The Narrative Design Toolkit (available in both English and Spanish) is a deck of cards intended to help the user think through the creation of a new plot, starting with a twelve-card representation of the Hero’s Journey as the basis for elaboration.
As the picture shows, it’s got a simple but stylish design, and includes cards in different colors to represent events and character archetypes, drawing on the writing of Jung and Propp, Campbell, Rodari, and Vogler. Cards include elements such as “the Shadow,” “the Innocent,” “the Grump,” et al. (I think some of the more personality-driven archetypes may have been supplied by the creators of the deck, since they alone don’t have an alternative attribution on them.) Meanwhile, it skips some of Propp’s more specific and startling elements, such as “The hero follows bloody tracks” or “someone pursues the hero, rapidly transforming himself into various animals.” (Though even that’s not as wild as some of the stuff in S. Thompson’s motif index of folk literature, featuring motifs like “Cow drops gold dung” and “Council of fishes decide to get rid of men (who eat fish)” and “Sun and moon born of lizard”. I could page through that stuff all day.)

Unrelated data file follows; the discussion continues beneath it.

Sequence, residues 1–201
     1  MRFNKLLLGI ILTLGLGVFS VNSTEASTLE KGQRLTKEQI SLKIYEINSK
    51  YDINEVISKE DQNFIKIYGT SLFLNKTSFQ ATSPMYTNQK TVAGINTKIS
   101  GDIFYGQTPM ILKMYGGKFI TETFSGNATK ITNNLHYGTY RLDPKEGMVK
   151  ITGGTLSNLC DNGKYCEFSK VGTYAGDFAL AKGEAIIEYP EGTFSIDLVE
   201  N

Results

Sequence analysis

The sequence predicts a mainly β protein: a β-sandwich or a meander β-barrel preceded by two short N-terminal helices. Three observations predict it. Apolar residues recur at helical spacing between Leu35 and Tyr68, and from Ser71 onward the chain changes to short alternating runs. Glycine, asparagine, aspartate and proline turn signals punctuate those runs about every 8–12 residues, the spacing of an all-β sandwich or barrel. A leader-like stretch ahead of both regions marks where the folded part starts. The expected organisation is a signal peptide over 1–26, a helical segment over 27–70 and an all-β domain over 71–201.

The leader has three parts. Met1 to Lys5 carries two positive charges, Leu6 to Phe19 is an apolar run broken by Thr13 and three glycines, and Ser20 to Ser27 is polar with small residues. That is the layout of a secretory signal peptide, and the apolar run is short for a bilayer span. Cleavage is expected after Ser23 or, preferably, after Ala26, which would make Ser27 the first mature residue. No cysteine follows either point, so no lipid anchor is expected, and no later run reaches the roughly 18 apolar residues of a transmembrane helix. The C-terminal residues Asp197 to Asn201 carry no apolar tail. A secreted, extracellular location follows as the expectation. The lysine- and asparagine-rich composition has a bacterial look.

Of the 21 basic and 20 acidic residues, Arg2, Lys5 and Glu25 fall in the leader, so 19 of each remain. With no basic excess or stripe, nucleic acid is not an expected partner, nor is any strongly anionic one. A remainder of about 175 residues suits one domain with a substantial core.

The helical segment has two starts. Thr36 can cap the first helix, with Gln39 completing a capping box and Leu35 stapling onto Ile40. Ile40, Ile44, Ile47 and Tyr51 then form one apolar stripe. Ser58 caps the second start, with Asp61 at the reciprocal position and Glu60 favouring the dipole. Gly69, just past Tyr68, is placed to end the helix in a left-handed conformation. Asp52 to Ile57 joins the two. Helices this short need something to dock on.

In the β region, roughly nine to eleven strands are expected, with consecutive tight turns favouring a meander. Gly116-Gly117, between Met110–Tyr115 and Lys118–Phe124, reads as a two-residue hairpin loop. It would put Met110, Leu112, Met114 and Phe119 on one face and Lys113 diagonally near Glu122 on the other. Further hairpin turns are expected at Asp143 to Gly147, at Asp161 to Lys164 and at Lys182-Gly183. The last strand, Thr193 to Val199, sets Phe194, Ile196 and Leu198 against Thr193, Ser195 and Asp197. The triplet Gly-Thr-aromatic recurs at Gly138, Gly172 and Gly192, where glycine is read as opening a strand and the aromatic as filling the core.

I myself probably wouldn’t call this a toolkit for narrative design overall so much as a toolkit for plot generation — but that’s still an interesting and useful thing, potentially. Different writers wrestle with different aspects of writing, but “I hate plotting!” is a more common cry than one might think.